May 10, 2023
Aflac CIO Shelia Anderson joined the AI Business podcast to talk about the insurer’s AI journey from idea to deployment and how the company found value for its business. She said AI models are not a ‘set it and forget it’ endeavor and explains Aflac’s thinking on generative AI.
Listen to the podcast below or read the edited transcript.
AI Business: Aflac is a different kind of insurance company. Can you tell us briefly what sets you apart from other insurers?
Shelia Anderson: We're actually what I call a well-known company, but not known well. Many people do know our brand, the Aflac duck. Aflac actually specializes in supplemental benefits – for such things as accidents, cancer, critical illness, hospitalization, life insurance − and we provide value to our policyholders by helping them to bridge the gap for unexpected costs that your traditional medical insurance doesn't cover.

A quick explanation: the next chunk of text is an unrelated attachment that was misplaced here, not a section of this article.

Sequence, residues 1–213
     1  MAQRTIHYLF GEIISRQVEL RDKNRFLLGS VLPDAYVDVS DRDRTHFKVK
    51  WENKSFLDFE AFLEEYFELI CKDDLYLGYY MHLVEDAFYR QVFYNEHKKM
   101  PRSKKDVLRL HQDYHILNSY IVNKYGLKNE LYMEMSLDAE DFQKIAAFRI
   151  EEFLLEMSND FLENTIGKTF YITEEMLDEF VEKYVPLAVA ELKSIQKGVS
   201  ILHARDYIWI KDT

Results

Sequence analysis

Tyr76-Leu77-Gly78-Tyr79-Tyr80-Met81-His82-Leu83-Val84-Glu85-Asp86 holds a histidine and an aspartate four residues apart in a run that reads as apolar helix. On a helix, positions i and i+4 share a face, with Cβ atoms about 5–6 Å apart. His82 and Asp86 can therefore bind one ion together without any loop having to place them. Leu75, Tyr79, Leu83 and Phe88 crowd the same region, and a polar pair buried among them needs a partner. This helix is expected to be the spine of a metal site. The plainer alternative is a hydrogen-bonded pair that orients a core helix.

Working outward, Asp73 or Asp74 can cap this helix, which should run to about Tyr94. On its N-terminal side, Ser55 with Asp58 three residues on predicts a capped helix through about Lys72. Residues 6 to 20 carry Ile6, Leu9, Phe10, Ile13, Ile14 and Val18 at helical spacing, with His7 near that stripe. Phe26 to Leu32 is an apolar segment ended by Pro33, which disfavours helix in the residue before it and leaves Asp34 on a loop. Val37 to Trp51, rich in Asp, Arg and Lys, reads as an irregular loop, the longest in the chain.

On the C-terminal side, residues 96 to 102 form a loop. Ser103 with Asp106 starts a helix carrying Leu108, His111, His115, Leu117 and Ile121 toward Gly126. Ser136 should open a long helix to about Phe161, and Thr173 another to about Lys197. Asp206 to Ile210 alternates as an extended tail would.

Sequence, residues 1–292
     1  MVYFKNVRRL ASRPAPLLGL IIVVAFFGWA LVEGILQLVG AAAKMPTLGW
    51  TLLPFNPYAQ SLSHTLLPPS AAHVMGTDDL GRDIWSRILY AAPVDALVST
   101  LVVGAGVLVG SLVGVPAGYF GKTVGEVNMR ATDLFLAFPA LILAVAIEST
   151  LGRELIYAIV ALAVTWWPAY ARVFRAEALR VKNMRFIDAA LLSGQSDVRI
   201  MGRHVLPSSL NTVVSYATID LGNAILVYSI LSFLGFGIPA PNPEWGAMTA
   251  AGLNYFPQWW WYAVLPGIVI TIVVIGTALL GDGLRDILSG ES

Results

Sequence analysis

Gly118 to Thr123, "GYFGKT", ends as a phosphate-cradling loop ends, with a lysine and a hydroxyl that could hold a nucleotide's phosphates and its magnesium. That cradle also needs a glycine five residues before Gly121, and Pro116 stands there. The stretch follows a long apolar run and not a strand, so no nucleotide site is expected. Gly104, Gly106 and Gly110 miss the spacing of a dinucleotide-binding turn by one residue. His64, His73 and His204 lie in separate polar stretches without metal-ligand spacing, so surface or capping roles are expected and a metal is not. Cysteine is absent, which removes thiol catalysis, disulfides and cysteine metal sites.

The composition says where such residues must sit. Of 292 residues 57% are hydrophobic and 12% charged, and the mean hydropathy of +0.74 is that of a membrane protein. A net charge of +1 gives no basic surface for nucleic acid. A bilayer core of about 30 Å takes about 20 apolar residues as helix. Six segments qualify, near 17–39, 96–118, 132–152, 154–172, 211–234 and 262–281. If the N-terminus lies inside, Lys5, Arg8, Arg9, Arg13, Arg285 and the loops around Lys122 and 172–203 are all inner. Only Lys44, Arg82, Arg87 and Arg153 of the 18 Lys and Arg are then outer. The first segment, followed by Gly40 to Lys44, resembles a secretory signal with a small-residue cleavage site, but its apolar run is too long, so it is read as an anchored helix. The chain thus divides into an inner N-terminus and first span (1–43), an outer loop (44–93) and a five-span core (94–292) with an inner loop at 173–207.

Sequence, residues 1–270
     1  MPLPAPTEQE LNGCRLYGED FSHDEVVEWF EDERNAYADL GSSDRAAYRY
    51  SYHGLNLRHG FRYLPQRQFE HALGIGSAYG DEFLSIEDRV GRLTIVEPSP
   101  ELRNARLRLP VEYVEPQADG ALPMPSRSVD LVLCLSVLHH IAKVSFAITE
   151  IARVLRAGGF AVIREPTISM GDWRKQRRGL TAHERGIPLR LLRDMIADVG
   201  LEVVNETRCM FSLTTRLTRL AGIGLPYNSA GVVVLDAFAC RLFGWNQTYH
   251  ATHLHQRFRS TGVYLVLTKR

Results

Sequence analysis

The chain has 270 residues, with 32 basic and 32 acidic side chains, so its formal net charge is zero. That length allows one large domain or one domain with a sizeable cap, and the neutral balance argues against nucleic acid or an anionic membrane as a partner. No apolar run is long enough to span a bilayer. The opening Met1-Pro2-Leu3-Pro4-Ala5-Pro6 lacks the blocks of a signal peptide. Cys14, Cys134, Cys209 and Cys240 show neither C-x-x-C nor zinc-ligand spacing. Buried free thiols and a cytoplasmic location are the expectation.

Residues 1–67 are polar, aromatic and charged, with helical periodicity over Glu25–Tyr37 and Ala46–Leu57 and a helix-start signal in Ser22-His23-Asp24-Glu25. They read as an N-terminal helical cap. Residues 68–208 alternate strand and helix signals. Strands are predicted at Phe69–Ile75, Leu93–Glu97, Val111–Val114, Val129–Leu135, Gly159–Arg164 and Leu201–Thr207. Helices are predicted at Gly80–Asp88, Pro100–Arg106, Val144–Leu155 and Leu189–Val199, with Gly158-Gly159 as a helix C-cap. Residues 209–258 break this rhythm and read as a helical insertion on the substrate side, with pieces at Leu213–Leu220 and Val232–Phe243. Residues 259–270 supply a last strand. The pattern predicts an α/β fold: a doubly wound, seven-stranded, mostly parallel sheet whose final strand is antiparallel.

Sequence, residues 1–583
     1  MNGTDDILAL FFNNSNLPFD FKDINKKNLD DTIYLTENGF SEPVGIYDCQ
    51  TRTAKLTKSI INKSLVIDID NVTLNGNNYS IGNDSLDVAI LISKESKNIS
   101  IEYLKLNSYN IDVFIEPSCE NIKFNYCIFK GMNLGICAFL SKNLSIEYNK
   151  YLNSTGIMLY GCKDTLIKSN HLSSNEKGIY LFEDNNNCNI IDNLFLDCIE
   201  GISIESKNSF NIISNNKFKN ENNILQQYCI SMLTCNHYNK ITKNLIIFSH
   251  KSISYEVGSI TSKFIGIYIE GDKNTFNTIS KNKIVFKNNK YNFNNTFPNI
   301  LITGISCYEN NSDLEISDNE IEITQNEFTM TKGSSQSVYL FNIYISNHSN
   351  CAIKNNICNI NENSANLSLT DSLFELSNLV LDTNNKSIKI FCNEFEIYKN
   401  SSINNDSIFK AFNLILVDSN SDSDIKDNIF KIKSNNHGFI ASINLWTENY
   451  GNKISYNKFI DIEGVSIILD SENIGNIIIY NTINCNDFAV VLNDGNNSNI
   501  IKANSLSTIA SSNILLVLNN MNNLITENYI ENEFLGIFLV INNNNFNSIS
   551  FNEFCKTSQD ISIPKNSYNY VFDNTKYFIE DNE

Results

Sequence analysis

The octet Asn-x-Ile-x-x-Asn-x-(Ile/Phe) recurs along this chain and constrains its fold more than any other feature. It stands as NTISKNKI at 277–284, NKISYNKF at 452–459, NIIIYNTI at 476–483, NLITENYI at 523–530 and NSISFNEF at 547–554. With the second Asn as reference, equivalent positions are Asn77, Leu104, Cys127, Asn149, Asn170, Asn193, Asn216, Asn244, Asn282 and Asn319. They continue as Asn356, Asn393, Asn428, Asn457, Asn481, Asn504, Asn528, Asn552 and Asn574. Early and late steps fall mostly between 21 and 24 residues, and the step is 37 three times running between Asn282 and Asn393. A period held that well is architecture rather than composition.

Our products basically provide peace of mind or that financial assurance, knowing that Aflac is there in their time of need to focus on recovery and really, minimizing that financial stress. We were founded in 1955, as a cancer insurance company. And today, we're a roughly a $26 billion company operating out of both the U.S. and Japan, covering over 50 million customers.
AI Business: The insurance industry is famously data driven, which is a fitting backdrop for artificial intelligence. Can you tell me how long Aflac has been using AI and in what capacity?
Anderson: In the latter part of 2018 and early 2019, Aflac began researching artificial intelligence components, including machine learning models. (Then in 2020), we were all kicked into the pandemic and forced to work from home. … Around mid-2020, we made a decision to actually begin capitalizing on AI technology to augment, first, our claims adjudication process for our U.S. Aflac business.
AI Business: What were the business problems you needed to solve?